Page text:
Miracle Hill Ministries back in the crosshairs
The Biden administration is canceling waivers that ensured conscience protections for faith-based foster care agencies
Miracle Hill Ministries of Greenville, S.C., is the largest foster care agency in the 10-county upstate region and handles 15 percent of all placements in the state. But a Biden administration policy change could end the nearly 90-year-old ministry’s ability to help foster children.
Last, week, the U.S. Department of Health and Human Services (HHS) moved to remove Trump-era waivers that allowed faith-based foster care agencies in three states to follow their religious convictions on marriage and sexuality without running afoul of federal nondiscrimination law.
In the waning days of President Barack Obama’s administration in January 2017, the Department of Health and Human Services added sexual orientation and gender identity to existing nondiscrimination regulations. The rule required recipients of HHS funding to “treat as valid the marriages of same-sex couples.” Child-placement organizations like Miracle Hill faced a choice: Comply with the dictate by placing children with same-sex couples and violate religious convictions, or lose federal funding and their state license.
Miracle Hill has helped find homes for South Carolina foster children since 1988. In February 2018, the Republican governor at the time, Henry McMaster, asked HHS to create an exemption for faith-based agencies in the state that declined to place children with same-sex couples because of their religious belifes about marriage. The Trump administration issued a waiver in January 2019, categorically exempting child-placement agency policies about the religious beliefs of foster and adoptive parents—and preserving Miracle Hill’s right not to place children with same-sex couples.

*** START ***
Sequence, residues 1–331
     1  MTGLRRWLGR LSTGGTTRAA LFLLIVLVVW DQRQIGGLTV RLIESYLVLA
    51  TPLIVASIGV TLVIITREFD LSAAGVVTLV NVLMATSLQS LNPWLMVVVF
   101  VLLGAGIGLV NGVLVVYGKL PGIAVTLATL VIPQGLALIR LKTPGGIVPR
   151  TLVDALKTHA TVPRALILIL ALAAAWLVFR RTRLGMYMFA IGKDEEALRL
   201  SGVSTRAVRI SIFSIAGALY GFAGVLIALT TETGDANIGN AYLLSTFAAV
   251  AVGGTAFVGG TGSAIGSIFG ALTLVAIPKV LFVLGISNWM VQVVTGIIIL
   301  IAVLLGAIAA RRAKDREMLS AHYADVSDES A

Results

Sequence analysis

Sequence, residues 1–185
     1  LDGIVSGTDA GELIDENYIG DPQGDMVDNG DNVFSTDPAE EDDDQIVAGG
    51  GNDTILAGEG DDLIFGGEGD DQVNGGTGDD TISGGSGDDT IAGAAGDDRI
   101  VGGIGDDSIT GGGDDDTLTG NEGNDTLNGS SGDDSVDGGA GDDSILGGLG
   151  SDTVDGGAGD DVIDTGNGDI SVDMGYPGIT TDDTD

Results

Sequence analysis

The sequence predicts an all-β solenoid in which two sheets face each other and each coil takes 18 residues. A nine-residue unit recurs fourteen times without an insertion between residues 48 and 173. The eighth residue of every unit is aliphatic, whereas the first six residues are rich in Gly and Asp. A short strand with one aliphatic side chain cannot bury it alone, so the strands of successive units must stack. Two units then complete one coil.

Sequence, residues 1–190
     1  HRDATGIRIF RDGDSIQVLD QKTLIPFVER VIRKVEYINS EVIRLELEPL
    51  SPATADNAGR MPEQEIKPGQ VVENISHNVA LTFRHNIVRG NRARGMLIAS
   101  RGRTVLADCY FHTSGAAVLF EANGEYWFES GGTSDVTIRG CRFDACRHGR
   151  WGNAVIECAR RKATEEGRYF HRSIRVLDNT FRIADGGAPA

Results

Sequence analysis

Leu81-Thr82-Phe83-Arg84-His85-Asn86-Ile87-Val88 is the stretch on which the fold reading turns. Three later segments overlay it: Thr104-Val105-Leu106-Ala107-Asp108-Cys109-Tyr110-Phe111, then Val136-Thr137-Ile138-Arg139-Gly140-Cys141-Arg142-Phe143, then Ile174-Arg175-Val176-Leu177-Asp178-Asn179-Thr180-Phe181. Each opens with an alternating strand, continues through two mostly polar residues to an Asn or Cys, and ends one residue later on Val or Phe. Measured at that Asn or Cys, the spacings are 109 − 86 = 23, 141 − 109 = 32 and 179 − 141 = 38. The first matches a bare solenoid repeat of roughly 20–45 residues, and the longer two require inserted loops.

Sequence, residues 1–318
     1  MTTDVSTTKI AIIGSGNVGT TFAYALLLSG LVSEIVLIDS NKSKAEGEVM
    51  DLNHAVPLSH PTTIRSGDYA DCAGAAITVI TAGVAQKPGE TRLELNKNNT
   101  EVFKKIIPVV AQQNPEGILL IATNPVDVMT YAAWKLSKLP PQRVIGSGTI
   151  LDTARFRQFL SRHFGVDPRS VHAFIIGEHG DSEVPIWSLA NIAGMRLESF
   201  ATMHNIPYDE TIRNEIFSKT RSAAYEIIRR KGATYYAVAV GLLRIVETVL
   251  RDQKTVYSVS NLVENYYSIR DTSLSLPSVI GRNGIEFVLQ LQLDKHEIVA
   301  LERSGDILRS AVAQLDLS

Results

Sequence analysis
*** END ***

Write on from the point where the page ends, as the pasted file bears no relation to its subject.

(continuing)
But that protection is now gone.
In Thursday’s announcement proclaiming its move “to prevent discrimination and strengthen civil rights,” the agency downplayed the significance of the change. It called the waivers issued to South Carolina, Michigan, and Texas “overly broad.”
The agency, headed by Secretary Xavier Becerra, said it would return to a case-by-case evaluation of religious exemption requests. Yet it emphasized that “the waivers are inconsistent with the department’s critical goal of combating discrimination based on religion, sexual orientation, and gender identity.”
Justin Butterfield, First Liberty Institute’s deputy general counsel, said the shift endangers the ability of faith-based organizations to assist with an often overwhelmed foster care system.
“What President Biden is doing now is just another step in dismantling safeguards within the federal government for people of faith,” Butterfield said. Without categorical waivers, he added, “we’re going to be back in the days of every religious organization having to challenge HHS over every regulation that would violate their religious beliefs.”
Miracle Hill spokeswoman Yolanda Campusano said the ministry’s attorneys were still reviewing the recent action by the Biden administration. But she said they were hopeful, adding, “In the midst of all of this, we know God is faithful and, regardless of what happens, we will still serve the hurting and needy people in the upstate area.”
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